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Meeting Report

The Canadian Pediatric Simulation Network

A Report From the Second National Meeting in September 2009

Grant, Vincent J. MD, FRCPC; Cheng, Adam MD, FRCPC, FAAP

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Simulation in Healthcare: The Journal of the Society for Simulation in Healthcare: December 2010 - Volume 5 - Issue 6 - p 355-358
doi: 10.1097/SIH.0b013e318201e261
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Over the past decade in Canada, pediatric academic institutions have started simulation-based initiatives aimed at bridging the clinical-educational gap faced by healthcare providers and educators. With a variety of simulation-based modalities, such as task trainers, screen-based simulation, standardized patients, and whole-body mannequins, many centers have been successful at transforming the way medical education is delivered at the local level. However, these centers have evolved in relative isolation, developing their own educational curricula and research agendas. This has inevitably led to duplication of many of the activities inherent in the growth and development of each of these individual centers.

To optimize resources and to provide a venue for academic collaboration, a network of pediatric educators representing pediatric simulation programs from across Canada was conceived as the Canadian Pediatric Simulation Network (CPSN) at the inaugural meeting in Calgary, Canada, in 2007. Although the Calgary meeting was a networking opportunity for pediatric simulation educators, few concrete plans for advancing pediatric simulation in Canada were explored or planned. The network then held a second meeting in Vancouver, Canada, in September 2009. This meeting once again served as the ideal venue to connect simulation experts from across Canada, with the clear expectation to facilitate brainstorming and concrete plans for collaboration in the development of national initiatives for pediatric simulation. To ensure optimal use of time and effective collaboration, a premeeting survey was conducted before the network meeting to obtain an overview of the current state of pediatric simulation in Canada and to identify the top priorities for group discussion at the meeting. From this survey, the top priorities for national collaboration were identified, which were then incorporated into the network meeting agenda via focus group sessions.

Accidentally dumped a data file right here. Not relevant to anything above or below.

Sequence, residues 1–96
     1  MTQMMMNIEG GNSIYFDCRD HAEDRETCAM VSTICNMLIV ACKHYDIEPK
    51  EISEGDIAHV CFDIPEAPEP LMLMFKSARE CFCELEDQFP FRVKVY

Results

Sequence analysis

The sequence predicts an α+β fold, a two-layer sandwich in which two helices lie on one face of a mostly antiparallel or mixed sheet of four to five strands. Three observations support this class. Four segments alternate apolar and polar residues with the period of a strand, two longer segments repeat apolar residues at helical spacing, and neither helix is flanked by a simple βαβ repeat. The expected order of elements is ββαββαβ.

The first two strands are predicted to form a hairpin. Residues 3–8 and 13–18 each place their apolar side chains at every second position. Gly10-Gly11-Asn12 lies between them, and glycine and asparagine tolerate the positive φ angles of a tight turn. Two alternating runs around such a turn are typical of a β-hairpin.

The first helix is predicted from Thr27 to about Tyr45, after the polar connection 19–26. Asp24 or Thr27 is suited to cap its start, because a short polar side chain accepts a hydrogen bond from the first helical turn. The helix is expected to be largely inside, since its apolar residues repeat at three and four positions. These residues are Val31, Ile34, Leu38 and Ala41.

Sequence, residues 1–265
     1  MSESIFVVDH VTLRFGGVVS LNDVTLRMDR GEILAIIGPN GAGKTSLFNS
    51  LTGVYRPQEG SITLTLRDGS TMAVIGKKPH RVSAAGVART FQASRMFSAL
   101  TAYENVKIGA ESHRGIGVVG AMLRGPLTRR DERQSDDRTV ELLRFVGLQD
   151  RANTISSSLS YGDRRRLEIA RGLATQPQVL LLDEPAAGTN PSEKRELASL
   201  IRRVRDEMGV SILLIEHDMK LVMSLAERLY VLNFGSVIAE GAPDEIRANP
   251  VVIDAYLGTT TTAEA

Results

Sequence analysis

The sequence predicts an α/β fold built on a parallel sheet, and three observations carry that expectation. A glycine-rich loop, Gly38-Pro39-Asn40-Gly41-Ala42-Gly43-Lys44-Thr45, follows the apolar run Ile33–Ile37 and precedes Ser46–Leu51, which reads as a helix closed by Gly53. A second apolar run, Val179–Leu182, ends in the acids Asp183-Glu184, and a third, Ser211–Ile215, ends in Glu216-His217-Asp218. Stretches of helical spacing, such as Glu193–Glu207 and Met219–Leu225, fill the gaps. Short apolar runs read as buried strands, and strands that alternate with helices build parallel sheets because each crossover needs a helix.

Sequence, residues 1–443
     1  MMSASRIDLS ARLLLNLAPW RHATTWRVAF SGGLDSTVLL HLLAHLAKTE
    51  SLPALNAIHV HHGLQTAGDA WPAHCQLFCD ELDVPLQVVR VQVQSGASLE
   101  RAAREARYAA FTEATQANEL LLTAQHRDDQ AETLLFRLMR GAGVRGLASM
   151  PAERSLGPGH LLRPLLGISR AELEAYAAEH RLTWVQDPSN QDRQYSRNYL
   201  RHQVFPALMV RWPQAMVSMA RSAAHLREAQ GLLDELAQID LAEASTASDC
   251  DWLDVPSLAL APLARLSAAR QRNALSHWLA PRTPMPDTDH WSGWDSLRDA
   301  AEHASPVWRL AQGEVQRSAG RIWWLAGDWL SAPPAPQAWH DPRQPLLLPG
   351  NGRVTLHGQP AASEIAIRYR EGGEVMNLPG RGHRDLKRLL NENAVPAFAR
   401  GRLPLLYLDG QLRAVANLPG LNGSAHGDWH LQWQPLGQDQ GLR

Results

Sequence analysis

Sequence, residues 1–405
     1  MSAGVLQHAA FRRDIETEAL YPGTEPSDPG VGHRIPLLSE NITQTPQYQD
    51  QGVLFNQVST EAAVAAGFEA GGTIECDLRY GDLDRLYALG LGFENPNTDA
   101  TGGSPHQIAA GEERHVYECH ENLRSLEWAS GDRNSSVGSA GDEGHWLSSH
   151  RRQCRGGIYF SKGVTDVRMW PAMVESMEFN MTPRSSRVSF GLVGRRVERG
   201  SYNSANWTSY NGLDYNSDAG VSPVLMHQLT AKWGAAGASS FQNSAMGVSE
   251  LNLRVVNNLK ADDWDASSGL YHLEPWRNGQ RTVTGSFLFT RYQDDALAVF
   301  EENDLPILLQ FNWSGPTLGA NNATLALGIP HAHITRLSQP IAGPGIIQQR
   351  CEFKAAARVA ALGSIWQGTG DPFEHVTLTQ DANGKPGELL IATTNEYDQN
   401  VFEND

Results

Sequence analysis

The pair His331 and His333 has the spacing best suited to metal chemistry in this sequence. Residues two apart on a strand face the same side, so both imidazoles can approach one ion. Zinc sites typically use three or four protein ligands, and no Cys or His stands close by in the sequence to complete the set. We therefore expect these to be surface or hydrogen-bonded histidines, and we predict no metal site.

The meeting started with a plenary session from Dr. Amitai Ziv, from the Israel Center for Medical Simulation, who highlighted lessons learned from setting up a national simulation program. This lecture helped provide the attendees with a vision of how collaboration at the national level could lead to a wider and more profound impact. The rest of the morning was dedicated to discuss the current state of simulation programs in each of the pediatric academic institutions across the country. Leaders from each program presented their successes, challenges, and barriers to growth.

After lunch, three focus groups, led by expert facilitators, were held to brainstorm strategies for developing national programs in simulation curriculum design, crisis resource management, and instructor training. After reports from each of the focus group facilitators, a lecture outlining the Examining Pediatric Resuscitation Education using Simulation and Scripting (EXPRESS) International Pediatric Simulation Research Collaborative was given by Dr. Adam Cheng from BC Children's Hospital. This lecture provided meeting attendees with an overview of collaborative research opportunities on the national and international level. After this session, three more “special interest” focus groups were held, discussing simulation-based research, patient safety, and innovations in simulation. The final plenary was given by Dr. Vincent Grant from Alberta Children's Hospital, who described novel and practical ways of obtaining funding and support for simulation programs.